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The state has recently cracked down on a number of large gatherings that sparked infections, including at Crossroads Community Church in Fitchburg. The church was recently sanctioned for opening up for retreats, in violation of the state’s guidance, Sudders said.

Baker also urged young people especially to take precautions.

The governor said residents flouting the rules and fueling infections through large parties and other social gatherings hamper efforts to keep businesses open and people working. The state has released sparse data on infections related to workplaces, but Baker said the data it does have indicate they are isolated incidents.

“It does not show up as the big driver,” he said. “People need to work.”

But some public health leaders expressed skepticism Tuesday about Baker’s claim about workplaces and their safety, especially for essential workers, and have urged the state to release more detailed data on that sector.

“It’s important to see for ourselves what those numbers are,” said Carlene Pavlos, executive director of the Massachusetts Public Health Association.

“We want to see reporting on complaint investigations and what was found on workplace violations,” she said. “The current regulations really don’t address aerosol spread and we don’t have data to understand whether worksites really are an issue or not.”

Pavlos also said she hopes the additional data to be released Thursday will shed more light on the infections among people under 30.

“People under 30 are workers, are bus drivers, are teachers, some are homeless," she said. "I don’t think we should assume people under 30 are being infected because of reckless social behavior before we see that data.”

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But one activity Baker and Sudders said is clearly fueling infections is youth hockey. The state health department last week ordered indoor ice rinks in Massachusetts closed for two weeks after a rise in COVID-19 cases connected to hockey practices and games.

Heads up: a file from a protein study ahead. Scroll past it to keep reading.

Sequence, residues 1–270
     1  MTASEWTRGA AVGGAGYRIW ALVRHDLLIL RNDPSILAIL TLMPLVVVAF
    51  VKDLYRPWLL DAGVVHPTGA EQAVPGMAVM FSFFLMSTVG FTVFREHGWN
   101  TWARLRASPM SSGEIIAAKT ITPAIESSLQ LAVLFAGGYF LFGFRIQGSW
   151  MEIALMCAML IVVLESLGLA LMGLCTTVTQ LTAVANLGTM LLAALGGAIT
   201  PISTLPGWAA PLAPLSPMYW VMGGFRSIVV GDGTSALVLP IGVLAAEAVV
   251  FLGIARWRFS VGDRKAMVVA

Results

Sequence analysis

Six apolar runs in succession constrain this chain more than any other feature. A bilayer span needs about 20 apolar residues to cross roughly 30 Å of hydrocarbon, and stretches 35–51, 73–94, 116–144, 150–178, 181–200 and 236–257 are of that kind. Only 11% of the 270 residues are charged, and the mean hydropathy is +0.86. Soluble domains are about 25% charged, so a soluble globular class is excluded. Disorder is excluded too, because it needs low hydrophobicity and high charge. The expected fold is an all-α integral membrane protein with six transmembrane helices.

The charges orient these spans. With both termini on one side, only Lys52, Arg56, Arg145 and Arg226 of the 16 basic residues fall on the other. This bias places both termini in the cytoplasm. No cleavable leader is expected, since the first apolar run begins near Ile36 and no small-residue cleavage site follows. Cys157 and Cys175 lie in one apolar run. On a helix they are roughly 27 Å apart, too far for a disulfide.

Baker said the health department has linked more than 30 clusters with more than 110 possible cases to hockey.

He said contact tracing for the hockey outbreaks, which have affected at least 66 cities and towns, has been hampered by a “lack of cooperation” from adults contacted by tracers. Some adults involved in the hockey programs declined to make rosters available to aid tracers, Baker said.

In some cases, Sudders said, coaches told parents and players not to respond to tracers.

“It’s not clear that the spread is about hockey or all the stuff going on around it,” Baker said. “It’s likely coming from all the activity around hockey and some irresponsible behavior from parents and coaches.”

He said that many times tournaments involve players showing up at the rink as early as 7 a.m., playing only two or three games, but also sharing food and drinks and hanging out until 7 p.m.

“It’s about a lot more than just the time on the ice, and parents and coaches have an obligation to protect their kids and themselves and their teammates,” he said.

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But Kevin Kavanagh, executive director of Massachusetts Hockey, said the vast majority of families have acted responsibly. He said he was unaware of families refusing to cooperate with contact tracers.

“Mass Hockey doesn’t support the obstruction of contract tracing," Kavanagh said. "We believe that our families, programs, and facilities all need to work together to facilitate and ensure a safe process.”


Travis Andersen can be reached at travis.andersen@globe.com. Follow him on Twitter @TAGlobe. Martin finucane can be reached at martin.finucane@globe.com. Kay Lazar can be reached at kay.lazar@globe.com Follow her on Twitter @GlobeKayLazar.